This weekend's World Cup final will determine which country has the right to call themselves the best football team in the world. But there’s another title up for grabs – the mobile network World Cup.
OpenSignal, whose network data comes from hundreds of millions of samples from tens of thousands of devices, has devised a tournament to see which of the 32 participating nations has the best connectivity.
The process is far from scientific, and OpenSignal itself admits it’s just a bit of fun. After all, who doesn’t enjoy a little bit of competition?
Mobile World Cup
The first round of the tournament was contested on overall download speed. The groups are the same as they are in the real FIFA World Cup and the top two in each will progress to the second round.
Eleven of the 16 nations that qualified for the second round in Russia also progressed in OpenSignal’s tournament. In Group C, Australia’s 32Mbps saw it advance ahead of France (20Mbps), while Iceland’s 37Mbps trumped Argentina’s 10Mbps in Group D.
As for Group E, Serbia’s 17Mbps meant it progressed instead of Brazil, while in Group F, South Korea’s position as the most advanced mobile nation in the world (45Mbps) saw it push Mexico into 3rd. In both the FIFA World Cup and the OpenSignal World Cup, Germany (19Mbps) failed to advance. Both Belgium (30Mbps) and England (19Mbps) emerged victorious in Group G, while Poland’s 15Mbps was superior to Colombia’s 9Mbps.
In general, Europe fared well with 12 of 16 teams progressing, alongside Uruguay, Australia, Japan and South Korea. Of course, some countries like France and Germany would have been among the fastest 16 nations, but were placed in ‘groups of death’. The wooden spoon was shared by Nigeria and Senegal who both achieved just 4Mbps.
But fast 4G speeds aren’t enough to advance in this competition. The criteria for the round of 16 was 3G download speed. England’s 7Mbps was enough to defeat Japan on 4Mbps, while Spain (6Mbps) beat Russia (5Mbps) and Denmark (9Mbps) won the battle of the Nordics with Iceland (9Mbps).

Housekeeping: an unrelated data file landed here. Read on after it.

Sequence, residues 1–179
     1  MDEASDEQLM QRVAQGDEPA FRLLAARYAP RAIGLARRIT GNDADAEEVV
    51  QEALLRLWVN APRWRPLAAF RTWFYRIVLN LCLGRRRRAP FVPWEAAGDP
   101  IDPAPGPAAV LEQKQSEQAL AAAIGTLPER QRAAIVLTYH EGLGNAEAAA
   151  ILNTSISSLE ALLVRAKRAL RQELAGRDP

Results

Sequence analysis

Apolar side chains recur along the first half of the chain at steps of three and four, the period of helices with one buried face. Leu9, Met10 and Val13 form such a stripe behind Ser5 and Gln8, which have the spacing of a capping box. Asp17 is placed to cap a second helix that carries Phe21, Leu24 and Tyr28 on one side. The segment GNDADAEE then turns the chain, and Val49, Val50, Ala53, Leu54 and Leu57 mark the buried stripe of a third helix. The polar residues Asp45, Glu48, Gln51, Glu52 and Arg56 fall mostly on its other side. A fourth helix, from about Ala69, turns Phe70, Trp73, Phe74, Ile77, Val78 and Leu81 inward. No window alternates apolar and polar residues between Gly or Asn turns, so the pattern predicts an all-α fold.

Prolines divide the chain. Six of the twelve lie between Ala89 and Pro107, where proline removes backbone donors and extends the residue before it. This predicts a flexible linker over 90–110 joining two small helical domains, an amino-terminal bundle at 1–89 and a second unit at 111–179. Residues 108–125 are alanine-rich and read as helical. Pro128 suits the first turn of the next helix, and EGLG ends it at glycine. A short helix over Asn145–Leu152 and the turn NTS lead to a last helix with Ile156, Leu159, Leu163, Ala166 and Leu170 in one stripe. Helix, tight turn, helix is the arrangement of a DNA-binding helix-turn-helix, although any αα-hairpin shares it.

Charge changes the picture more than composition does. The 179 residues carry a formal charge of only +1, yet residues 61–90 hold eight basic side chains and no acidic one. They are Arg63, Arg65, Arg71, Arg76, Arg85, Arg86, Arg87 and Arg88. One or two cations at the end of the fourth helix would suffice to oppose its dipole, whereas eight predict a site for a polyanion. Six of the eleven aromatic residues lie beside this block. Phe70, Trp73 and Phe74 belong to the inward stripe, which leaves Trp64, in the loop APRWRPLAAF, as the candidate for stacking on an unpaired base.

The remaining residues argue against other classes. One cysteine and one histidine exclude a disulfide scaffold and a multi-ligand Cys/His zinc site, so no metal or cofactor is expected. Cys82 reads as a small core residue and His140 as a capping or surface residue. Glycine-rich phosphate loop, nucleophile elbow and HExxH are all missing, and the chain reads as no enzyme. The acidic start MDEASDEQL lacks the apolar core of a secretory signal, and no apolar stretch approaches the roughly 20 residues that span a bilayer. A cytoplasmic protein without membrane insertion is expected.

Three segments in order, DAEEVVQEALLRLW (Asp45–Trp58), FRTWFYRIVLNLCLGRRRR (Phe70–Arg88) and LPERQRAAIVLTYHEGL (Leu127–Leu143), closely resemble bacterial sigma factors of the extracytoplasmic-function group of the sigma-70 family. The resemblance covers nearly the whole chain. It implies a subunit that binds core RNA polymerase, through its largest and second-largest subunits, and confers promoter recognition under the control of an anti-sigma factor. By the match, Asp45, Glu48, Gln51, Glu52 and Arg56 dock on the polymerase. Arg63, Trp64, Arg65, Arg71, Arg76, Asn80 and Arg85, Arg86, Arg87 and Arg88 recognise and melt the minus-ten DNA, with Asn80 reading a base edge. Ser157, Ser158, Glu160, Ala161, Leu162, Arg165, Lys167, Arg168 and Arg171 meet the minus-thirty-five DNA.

Belgium (9Mbps) beat Poland (5Mbps), Croatia (8Mbps) defeated Australia (6Mbps), and Portugal (6Mbps) won out against Uruguay (3Mbps). Sweden’s 11Mbps was the most of any country and enough to bear Switzerland (6Mbps) but the biggest upset was Serbia’s (9Mbps) triumph over South Korea (5Mbps).
Here we can see that the more advanced 4G nations do not have the same pedigree in 3G, with the notable exception of Sweden.
The start of the business-end of the tournament was decided on 4G upload speeds. Of the eight OpenSignal quarter-finalists, only half also made the same stage of the FIFA World Cup.
Croatia (13Mbps) progressed to the semi-finals with victory over Portugal (9Mbps), while Belgium (13Mbps) recorded a win over Sweden (9Mbps). Denmark’s 16Mbps was enough to beat Spain’s 11Mbps in a high scoring game, while Serbia (12Mbps) beat England (8Mbps).
For the semi-finals, OpenSignal separated the teams with 4G download speeds, a move which allowed Belgium (35Mbps) to sneak into the final ahead of Croatia (31Mbps). They would face Denmark (36Mbps) who bear Serbia (31Mbps) in the other tie.
The final itself was settled on overall download speeds and was won by Denmark’s 31Mbps over Belgium’s 30Mbps. This is the equivalent of a football match going to extra time and penalties.
Given the unpredictability of Russia 2018, a Belgium v Denmark clash isn’t as surprising as it would have been when the mobile tournament was conducted but it certainly was down to the luck of the draw.
“Denmark is unquestionably among the global leaders in every mobile broadband metric we measure, but a lot of Denmark’s success in the OpenSignal World Cup depended on the luck of the draw,” said OpenSignal.
“Denmark did survive one of our groups of death, but only as runner-up. Thanks to the early 3G stumbles of Australia and South Korea, Denmark managed to avoid the intimidating 4G threat of those Asian countries in the penultimate stages. That, in turn, allowed Denmark to dominate the later rounds, all the way up to its skin-of-its-teeth win over Belgium in the final game.
Denmark famously won Euro 1992 after Yugoslavia were forced to withdraw, so you could argue that it’s the country’s second major title and some consolation for the national team’s heart-breaking defeat in the second round against hosts Russia.
Or, maybe not. You can tell then.
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